Chronic proteinuric renal diseases, independent from the type of the initial insult, have in common a loss of selectivity of the glomerular barrier to protein filtration. Glomerular sclerosis is the progressive lesion affecting the glomerular capillary wall, the primary site at which the protein filtration is abnormally enhanced by disease. Dysfunction of podocytes, that serve to maintain the intact barrier, is a central event in lesion development. However, glomerular injury is signalled to tubular and interstitial structures largely in advance of nephron destruction. Glomerular ultrafiltration of excessive amounts of plasma-derived proteins and associated factors incites tubulointerstitial damage and might amplify an inherent susceptibility of the kidney to become dysfunctional in several disease conditions. Thus, noxious substances in the proteinuric ultrafiltrate promote apoptotic responses and multiple changes in the phenotype of tubule cells with generation of inflammatory and fibrogenic mediators. The severity of tubular interstitial damage has long been recognized to be highly correlated to the degree of deterioration of renal failure even better than glomerular lesions. This review focuses on pathways of tubular injury and apoptosis that in turn promote nephron-by-nephron degeneration and interstitial fibrosis during proteinuria contributing to multifaceted processes of kidney scarring and function loss.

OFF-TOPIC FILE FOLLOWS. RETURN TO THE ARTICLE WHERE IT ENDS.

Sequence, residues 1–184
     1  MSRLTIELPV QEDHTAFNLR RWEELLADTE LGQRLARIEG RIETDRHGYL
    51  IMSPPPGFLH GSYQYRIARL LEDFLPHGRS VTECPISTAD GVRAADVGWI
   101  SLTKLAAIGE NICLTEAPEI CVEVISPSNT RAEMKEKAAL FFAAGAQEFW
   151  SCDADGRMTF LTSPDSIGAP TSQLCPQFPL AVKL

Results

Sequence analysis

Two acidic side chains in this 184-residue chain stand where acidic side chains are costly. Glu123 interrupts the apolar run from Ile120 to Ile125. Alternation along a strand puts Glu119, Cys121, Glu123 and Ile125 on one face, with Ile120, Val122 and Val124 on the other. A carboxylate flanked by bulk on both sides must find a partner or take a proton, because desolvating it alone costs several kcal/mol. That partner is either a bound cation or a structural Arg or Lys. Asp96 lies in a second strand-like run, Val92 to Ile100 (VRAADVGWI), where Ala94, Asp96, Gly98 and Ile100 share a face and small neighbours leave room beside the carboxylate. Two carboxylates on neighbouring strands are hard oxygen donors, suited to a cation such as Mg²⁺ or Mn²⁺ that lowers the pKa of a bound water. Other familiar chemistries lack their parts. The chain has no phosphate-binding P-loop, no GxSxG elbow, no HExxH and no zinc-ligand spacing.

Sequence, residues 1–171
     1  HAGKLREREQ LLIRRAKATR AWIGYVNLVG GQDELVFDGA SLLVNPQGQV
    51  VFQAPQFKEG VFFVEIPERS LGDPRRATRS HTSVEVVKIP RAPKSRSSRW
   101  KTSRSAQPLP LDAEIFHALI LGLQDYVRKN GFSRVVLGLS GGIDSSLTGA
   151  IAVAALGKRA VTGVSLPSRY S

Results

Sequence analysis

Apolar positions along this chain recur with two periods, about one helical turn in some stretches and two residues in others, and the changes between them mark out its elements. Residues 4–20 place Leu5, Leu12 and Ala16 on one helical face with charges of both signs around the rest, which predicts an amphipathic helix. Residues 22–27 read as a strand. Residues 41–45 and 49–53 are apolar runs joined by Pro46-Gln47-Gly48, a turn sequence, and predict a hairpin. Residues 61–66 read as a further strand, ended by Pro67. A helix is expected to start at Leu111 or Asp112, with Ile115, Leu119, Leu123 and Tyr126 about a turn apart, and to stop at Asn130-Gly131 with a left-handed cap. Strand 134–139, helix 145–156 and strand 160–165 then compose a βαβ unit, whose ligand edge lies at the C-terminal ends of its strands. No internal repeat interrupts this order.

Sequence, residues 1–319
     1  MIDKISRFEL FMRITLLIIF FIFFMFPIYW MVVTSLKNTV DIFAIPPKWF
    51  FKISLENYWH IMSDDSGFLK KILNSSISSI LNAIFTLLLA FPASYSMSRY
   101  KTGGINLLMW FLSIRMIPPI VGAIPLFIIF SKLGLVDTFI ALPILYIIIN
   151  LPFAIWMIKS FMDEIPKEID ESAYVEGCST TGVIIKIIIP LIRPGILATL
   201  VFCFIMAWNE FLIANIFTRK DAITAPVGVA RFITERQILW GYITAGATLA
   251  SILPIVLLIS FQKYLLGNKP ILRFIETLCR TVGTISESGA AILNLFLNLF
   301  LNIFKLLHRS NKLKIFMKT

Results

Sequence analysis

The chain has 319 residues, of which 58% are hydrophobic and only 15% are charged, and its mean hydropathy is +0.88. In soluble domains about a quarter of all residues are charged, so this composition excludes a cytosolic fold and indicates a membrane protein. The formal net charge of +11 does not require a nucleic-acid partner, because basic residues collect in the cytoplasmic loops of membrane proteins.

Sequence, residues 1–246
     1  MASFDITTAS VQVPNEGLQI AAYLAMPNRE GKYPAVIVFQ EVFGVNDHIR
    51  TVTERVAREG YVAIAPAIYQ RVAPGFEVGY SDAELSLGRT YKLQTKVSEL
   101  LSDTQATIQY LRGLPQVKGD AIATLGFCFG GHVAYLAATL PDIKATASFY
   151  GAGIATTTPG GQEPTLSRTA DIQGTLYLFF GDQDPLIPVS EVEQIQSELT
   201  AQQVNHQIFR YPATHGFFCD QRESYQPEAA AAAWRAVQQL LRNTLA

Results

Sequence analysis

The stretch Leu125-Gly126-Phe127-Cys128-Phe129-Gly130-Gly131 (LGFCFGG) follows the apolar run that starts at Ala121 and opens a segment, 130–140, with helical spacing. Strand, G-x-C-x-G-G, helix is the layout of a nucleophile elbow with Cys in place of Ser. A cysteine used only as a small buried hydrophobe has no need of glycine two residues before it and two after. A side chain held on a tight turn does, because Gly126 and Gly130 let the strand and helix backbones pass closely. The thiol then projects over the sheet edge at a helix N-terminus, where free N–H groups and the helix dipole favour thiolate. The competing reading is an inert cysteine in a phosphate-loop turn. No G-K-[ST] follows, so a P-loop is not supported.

- tubule cell damage
ASJC Scopus subject areas